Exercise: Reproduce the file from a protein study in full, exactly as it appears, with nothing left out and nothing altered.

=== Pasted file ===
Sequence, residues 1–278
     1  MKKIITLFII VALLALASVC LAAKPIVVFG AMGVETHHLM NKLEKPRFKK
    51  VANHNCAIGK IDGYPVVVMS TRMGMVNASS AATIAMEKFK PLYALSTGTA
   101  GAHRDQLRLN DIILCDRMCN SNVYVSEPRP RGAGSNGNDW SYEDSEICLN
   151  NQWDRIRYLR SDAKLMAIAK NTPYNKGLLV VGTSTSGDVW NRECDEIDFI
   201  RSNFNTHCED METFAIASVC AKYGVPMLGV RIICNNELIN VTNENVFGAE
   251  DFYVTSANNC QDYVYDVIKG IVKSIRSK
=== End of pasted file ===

Sequence, residues 1–278
     1  MKKIITLFII VALLALASVC LAAKPIVVFG AMGVETHHLM NKLEKPRFKK
    51  VANHNCAIGK IDGYPVVVMS TRMGMVNASS AATIAMEKFK PLYALSTGTA
   101  GAHRDQLRLN DIILCDRMCN SNVYVSEPRP RGAGSNGNDW SYEDSEICLN
   151  NQWDRIRYLR SDAKLMAIAK NTPYNKGLLV VGTSTSGDVW NRECDEIDFI
   201  RSNFNTHCED METFAIASVC AKYGVPMLGV RIICNNELIN VTNENVFGAE
   251  DFYVTSANNC QDYVYDVIKG IVKSIRSK